Are you having trouble implementing a successful performance management plan? If so, you’re likely making the same mistakes as everyone else.
First things first: what is performance management? In essence, it’s a way to close the gap between a company’s desired results and actual results. It’s typically a five-step process:
- Establish business goals
- Track how your employees meet these goals
- Evaluate employee performance
- Fix common performance issues
- Reward top performance
Sounds simple enough, right? Well, as it turns out, many companies struggle with at least one part of this process. Here are the most common performance management mistakes you need to avoid.
1. Misunderstanding the Process
Many managers confuse performance management with annual performance reviews. In reality, these reviews are only one piece of the puzzle.
The main issue with annual performance appraisal is that it’s a single event. What you should do instead is establish consistent performance reviews. That way, you can fix problems and exploit opportunities as they arise.
Also, performance management isn’t meant to be an administrative burden. Reviewing employee performance should make a company more efficient in a measurable way. It’s not about collecting data that will never get used.
2. Not Thinking Long-Term
When taken at face value, performance management is very alluring. After all, who wouldn’t like the idea of their company becoming more efficient?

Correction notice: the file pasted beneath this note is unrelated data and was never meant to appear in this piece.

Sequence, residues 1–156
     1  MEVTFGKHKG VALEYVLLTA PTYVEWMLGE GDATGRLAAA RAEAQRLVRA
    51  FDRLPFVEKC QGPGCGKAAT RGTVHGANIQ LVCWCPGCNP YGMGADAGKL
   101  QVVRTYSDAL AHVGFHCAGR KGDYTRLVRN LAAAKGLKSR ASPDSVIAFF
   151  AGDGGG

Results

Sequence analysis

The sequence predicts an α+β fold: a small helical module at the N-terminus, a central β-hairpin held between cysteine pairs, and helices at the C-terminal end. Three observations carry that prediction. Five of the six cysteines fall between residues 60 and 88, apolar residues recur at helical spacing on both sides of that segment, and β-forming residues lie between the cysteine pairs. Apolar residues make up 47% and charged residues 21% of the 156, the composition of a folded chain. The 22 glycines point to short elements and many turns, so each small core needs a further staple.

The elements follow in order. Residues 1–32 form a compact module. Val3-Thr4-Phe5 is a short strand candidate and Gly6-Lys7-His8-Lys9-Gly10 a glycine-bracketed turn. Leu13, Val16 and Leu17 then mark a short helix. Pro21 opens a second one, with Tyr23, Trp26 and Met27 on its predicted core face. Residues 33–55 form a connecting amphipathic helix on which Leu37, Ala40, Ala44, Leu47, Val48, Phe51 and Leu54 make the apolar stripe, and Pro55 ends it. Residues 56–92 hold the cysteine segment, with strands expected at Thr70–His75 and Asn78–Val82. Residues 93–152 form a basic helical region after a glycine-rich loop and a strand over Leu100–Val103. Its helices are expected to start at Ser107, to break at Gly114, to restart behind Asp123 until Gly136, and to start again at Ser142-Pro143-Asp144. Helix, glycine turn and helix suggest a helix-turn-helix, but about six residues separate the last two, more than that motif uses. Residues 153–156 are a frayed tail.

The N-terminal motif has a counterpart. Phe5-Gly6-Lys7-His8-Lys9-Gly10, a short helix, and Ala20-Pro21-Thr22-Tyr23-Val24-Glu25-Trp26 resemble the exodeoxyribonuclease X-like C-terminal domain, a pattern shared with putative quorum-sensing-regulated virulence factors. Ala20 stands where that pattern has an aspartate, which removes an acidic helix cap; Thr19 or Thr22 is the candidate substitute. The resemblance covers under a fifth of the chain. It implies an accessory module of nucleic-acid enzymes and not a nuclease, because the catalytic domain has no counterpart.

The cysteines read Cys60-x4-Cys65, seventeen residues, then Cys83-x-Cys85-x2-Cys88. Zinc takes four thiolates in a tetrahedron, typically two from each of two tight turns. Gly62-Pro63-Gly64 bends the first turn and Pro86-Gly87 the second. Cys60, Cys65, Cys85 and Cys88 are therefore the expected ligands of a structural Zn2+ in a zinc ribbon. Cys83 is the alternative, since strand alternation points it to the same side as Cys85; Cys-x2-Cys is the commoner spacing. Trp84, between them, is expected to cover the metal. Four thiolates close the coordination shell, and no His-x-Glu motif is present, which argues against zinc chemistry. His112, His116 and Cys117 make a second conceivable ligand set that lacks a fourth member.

Unfortunately, this promise can be a double-edged sword. It often leads to companies applying flavor-of-the-month practices that are a poor company fit. And when results aren’t up to par, they get discouraged.
That’s a common issue with performance management. In the last two decades, we’ve seen all kinds of fads in evaluating results. The one thing they had in common is that they eventually stopped being relevant.
If you want sustainable results, you should think long-term. If a practice seems difficult to sustain, don’t implement it. The more mistakes you make in your performance management, the more you erode its credibility.
3. Optimizing the Wrong Goals
Measuring the success of a performance management process is harder than it may seem. A big part of it is setting goals that won’t backfire on you.
Let’s say one of your goals is that your employees always have something to do. In this case, getting stuff done faster would be a negative. As a result, you may block any initiatives that could improve the workflow process.
That’s a good example of a seemingly obvious performance goal that could have unintended consequences. To avoid these situations, keep checking your performance management data to identify areas you should focus on.
4. Lacking Manager Buy-In
A performance management system requires buy-in from everyone in your company. That’s particularly true when it comes to your managers.
For the program to work, your managers will likely need some help. For instance, they’ll need to know what to say in an appraisal meeting. They also must know how to measure performance or provide feedback efficiently.
Most of all, your managers must know why they should care about this system. In other words, what’s in it for them? If you want to get their full support, you have to sell them on the value of performance management.